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ARS Home » Plains Area » Manhattan, Kansas » Center for Grain and Animal Health Research » Hard Winter Wheat Genetics Research » Research » Publications at this Location » Publication #324888

Research Project: Genetic Improvement of Hard Winter Wheat to Biotic and Abiotic Stresses

Location: Hard Winter Wheat Genetics Research

Title: Pheromone trapping to determine Hessian fly (Diptera: Cecidomyiidae) activity in Kansas

Author
item Schwarting, Holly N
item Whitworth, R. Jeff
item Cramer, Gary
item Chen, Ming-shun

Submitted to: Journal of Kansas Entomological Society
Publication Type: Peer Reviewed Journal
Publication Acceptance Date: 11/22/2015
Publication Date: 12/2/2015
Publication URL: http://handle.nal.usda.gov/10113/63228
Citation: Schwarting, H., Whitworth, R., Cramer, G., Chen, M. 2015. Pheromone trapping to determine Hessian fly (Diptera: Cecidomyiidae) activity in Kansas. Journal of Kansas Entomological Society. 88(4):411-417. doi:10.2317/0022-8567-88.4.411.

Interpretive Summary: The Hessian fly remains one of the most destructive pests of wheat throughout the Great Plains, including Kansas. The insect is difficult to monitor because of its tiny size and short life span. Recently, a new pheromone trap technique has been developed for this insect that was used to monitor Hessian fly population changes throughout the year in four counties in Kansas. Our results show that Hessian fly adults are active in the fall, at least one month later than the historical fly-free dates established more than 100 years ago. Therefore, the ‘Hessian Fly-Free Date’ is no longer valid and should be referred to as the ‘Best Pest Management Date’. Our data also indicated that Hessian fly is more active throughout the spring than previously thought and emergence activity is not correlated with moisture events. These results will be useful for improving integrated pest management of Hessian fly on wheat.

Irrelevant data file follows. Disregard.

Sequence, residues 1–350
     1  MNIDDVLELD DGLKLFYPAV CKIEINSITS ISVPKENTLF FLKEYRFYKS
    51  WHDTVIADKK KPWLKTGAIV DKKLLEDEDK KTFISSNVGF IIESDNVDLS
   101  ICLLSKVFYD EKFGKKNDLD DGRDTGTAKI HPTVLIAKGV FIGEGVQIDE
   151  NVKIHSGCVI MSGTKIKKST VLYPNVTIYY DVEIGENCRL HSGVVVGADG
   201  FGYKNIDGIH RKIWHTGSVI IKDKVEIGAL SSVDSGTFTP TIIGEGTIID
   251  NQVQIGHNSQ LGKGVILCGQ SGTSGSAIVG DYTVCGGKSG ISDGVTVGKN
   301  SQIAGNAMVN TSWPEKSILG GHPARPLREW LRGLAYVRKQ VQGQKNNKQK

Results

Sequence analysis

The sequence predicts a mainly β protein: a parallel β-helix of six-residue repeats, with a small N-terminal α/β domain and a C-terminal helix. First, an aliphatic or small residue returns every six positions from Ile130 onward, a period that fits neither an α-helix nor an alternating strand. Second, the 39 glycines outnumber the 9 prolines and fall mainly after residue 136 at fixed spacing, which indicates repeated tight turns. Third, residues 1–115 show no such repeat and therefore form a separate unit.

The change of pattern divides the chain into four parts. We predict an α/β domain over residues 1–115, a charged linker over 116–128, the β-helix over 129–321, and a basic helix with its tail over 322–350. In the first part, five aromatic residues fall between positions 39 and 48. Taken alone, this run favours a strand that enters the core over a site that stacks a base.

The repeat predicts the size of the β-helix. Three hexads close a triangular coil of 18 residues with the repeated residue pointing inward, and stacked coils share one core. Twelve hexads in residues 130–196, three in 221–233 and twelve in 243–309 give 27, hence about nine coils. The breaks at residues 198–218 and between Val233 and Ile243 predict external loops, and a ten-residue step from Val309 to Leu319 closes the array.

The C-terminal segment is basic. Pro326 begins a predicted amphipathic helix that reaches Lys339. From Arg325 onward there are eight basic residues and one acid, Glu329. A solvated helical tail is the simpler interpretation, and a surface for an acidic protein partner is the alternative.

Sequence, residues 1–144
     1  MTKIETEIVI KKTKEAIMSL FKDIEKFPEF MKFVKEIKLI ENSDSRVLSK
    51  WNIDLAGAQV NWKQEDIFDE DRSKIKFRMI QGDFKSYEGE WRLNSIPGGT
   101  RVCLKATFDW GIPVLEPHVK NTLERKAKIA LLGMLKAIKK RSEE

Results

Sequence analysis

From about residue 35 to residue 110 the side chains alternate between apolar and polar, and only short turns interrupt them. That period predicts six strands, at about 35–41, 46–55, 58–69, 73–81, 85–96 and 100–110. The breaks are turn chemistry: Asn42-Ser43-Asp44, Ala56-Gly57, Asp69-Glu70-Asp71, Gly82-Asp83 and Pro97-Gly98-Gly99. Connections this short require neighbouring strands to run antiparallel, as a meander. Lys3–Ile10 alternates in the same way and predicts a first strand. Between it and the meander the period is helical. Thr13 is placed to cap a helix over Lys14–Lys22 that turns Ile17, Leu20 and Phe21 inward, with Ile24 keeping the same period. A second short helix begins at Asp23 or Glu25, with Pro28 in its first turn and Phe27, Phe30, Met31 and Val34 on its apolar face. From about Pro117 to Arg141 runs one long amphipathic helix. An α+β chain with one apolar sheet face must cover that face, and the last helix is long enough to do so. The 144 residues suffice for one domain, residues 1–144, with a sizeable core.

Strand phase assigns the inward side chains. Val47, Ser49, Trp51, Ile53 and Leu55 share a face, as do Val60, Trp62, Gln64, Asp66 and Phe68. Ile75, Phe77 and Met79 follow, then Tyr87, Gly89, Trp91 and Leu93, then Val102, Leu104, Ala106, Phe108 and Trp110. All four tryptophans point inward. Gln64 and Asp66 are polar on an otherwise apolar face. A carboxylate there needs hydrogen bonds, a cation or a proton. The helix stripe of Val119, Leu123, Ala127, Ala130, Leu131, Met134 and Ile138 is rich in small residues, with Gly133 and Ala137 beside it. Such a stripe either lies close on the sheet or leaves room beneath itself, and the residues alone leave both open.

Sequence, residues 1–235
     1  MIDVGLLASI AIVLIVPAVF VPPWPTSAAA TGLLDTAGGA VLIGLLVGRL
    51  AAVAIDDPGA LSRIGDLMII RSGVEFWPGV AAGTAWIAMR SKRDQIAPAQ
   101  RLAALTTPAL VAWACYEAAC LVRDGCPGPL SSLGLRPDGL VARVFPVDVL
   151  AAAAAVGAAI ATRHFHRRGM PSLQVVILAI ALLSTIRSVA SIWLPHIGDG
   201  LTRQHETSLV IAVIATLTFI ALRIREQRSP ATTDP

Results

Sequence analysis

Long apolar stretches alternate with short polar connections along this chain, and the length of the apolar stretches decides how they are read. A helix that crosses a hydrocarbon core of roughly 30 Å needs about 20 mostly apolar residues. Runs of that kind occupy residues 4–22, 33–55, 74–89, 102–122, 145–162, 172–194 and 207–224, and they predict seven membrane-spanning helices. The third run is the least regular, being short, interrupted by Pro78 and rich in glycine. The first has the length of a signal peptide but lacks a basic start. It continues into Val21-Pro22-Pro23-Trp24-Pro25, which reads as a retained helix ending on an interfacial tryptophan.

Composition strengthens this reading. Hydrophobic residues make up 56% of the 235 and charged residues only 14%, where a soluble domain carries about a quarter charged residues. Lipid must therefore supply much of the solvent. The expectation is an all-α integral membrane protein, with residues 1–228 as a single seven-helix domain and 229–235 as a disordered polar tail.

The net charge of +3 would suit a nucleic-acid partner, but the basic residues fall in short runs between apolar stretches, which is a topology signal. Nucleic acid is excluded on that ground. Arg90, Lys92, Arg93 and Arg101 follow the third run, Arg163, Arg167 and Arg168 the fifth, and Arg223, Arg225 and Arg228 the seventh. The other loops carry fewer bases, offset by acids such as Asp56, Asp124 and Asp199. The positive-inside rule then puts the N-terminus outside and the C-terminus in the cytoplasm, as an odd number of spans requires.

Technical Abstract: The Hessian fly, Mayetiola destructor (Say), has been a historically significant pest of wheat throughout the Great Plains, including Kansas. However, it has been many decades since the flies’ activity has been monitored throughout the year in the field. This paper presents research on the activity of the HF throughout the year in Kansas by examining when the fly is active and how moisture events may play a role. Results of a newer technology, pheromone trapping, in four counties in Kansas show that HF males are active in the fall, at least 1 month later than the historical fly-free dates established more than 100 years ago. Therefore, the ‘Hessian Fly-Free Date’ is no longer valid and should be referred to as the ‘Best Pest Management Date’. Using pheromones for fall and spring trapping also indicated that HF is more active throughout the spring than previously thought, with almost continuous fly emergence and numerous emergence peaks in both spring and fall. Pheromone traps were also used to determine if fly emergence peaked after a moisture event, as previously thought. However, fly emergence could not be positively correlated with any moisture event.